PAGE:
LOS ANGELES — A breakaway San Fernando Valley city would own nothing except streets and would have to buy parks, libraries and other assets from Los Angeles, according to a legal opinion for the agency overseeing possible secession.
County Counsel Lloyd W. Pellman’s opinion means that if City Hall refuses to give away assets in negotiations, a San Fernando Valley city would have to buy them at fair market value or pay Los Angeles to provide police and fire protection and other services.
If the Local Agency Formation Commission abides by the legal opinion, it would weaken the position of secessionists because taxes may have to be raised to pay for the assets unless a deal is worked out.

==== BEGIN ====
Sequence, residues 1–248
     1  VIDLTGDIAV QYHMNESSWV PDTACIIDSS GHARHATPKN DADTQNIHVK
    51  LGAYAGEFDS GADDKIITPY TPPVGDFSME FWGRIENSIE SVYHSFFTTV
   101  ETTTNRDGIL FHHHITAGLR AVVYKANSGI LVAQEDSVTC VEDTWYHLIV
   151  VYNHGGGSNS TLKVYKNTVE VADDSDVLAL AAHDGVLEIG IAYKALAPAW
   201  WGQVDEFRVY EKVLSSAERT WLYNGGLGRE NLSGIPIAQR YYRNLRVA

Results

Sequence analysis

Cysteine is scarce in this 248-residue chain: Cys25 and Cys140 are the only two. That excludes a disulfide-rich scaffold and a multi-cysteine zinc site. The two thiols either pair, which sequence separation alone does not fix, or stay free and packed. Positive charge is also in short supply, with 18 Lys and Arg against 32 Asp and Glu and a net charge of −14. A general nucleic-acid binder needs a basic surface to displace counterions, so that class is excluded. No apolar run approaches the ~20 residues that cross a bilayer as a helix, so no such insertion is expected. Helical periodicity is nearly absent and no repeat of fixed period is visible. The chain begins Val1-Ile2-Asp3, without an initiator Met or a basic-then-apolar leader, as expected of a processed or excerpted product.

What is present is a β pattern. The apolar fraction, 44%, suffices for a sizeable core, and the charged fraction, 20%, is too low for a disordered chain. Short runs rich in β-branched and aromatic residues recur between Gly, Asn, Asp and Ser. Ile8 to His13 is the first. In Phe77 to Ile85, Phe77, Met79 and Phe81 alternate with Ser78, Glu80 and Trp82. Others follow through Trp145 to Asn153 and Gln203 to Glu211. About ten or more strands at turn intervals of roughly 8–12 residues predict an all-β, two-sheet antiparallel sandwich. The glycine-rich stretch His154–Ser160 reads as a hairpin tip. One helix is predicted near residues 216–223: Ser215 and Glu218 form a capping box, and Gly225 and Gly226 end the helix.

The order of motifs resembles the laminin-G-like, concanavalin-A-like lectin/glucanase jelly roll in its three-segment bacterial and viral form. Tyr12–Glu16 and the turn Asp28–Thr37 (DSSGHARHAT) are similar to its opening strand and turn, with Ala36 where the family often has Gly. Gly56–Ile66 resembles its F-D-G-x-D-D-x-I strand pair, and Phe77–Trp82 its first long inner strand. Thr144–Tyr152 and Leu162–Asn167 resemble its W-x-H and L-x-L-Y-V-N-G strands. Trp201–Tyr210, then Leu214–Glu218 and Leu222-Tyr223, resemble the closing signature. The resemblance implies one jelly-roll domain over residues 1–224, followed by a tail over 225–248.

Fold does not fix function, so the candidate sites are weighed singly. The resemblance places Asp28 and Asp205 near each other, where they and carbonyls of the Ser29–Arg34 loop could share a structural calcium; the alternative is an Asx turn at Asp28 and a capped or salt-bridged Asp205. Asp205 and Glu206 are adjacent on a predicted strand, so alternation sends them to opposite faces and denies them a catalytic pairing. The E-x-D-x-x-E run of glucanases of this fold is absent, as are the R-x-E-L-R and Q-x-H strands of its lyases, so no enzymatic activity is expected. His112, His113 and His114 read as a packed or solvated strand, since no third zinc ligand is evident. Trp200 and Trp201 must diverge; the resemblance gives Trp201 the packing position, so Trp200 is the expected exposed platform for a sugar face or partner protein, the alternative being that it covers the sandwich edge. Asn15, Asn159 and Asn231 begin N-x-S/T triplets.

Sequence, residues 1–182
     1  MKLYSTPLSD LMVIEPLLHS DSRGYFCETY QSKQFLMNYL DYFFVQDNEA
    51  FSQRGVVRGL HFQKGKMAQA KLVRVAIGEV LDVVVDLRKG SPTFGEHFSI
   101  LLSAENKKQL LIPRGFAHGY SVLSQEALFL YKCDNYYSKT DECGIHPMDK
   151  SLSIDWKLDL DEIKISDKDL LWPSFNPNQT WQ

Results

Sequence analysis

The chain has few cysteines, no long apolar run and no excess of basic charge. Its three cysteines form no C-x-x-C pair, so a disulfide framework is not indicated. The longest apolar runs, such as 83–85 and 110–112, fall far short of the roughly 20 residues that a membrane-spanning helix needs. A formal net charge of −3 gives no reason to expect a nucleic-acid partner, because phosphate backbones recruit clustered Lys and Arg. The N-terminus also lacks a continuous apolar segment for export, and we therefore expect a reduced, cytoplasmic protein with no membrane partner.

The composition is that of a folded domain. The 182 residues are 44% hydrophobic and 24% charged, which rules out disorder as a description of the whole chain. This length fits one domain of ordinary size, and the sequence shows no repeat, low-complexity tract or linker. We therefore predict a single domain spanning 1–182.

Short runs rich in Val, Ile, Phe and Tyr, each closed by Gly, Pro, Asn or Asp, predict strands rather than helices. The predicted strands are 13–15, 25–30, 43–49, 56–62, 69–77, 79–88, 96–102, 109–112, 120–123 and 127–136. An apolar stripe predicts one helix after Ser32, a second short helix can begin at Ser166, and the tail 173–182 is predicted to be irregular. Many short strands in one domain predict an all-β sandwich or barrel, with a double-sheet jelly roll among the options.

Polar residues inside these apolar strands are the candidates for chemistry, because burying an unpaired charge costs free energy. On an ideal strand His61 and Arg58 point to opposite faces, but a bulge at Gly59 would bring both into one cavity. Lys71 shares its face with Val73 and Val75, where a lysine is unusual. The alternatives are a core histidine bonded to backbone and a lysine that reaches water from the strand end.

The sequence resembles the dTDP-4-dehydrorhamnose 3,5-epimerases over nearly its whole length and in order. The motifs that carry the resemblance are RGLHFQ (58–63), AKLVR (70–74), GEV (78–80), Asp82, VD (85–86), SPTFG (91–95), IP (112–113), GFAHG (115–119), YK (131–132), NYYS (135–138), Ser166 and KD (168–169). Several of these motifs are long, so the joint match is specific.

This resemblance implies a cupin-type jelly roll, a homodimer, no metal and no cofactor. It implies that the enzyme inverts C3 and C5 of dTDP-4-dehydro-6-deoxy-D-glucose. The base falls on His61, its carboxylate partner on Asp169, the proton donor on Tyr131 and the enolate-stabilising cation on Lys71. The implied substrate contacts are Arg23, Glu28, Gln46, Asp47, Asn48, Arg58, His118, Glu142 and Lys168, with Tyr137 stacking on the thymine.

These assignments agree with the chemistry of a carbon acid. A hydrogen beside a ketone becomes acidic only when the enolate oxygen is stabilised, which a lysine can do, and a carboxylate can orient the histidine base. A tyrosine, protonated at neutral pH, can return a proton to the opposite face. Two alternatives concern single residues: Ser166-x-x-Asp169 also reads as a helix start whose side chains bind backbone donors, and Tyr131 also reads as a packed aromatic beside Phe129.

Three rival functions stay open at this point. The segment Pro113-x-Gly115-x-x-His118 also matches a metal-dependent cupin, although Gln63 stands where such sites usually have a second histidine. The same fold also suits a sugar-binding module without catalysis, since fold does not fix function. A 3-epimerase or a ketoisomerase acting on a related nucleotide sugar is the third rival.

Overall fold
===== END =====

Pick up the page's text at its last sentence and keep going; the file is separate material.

“We shouldn’t have to pay for assets that we already co-own,” said Richard Close, chairman of Valley Voters Organized Toward Empowerment. “It’s like in a marriage, if a judge divides up the assets but then tells one spouse they have to pay for their share of the assets. It’s inconsistent and we don’t believe it’s state law.”
The commission is trying to meet a series of deadlines to put the secession proposal on the November 2002 ballot. The legal opinion, issued Monday, may add to the commission’s burden if it is determined that city property in the valley must be appraised before it can create a compensation package for Los Angeles.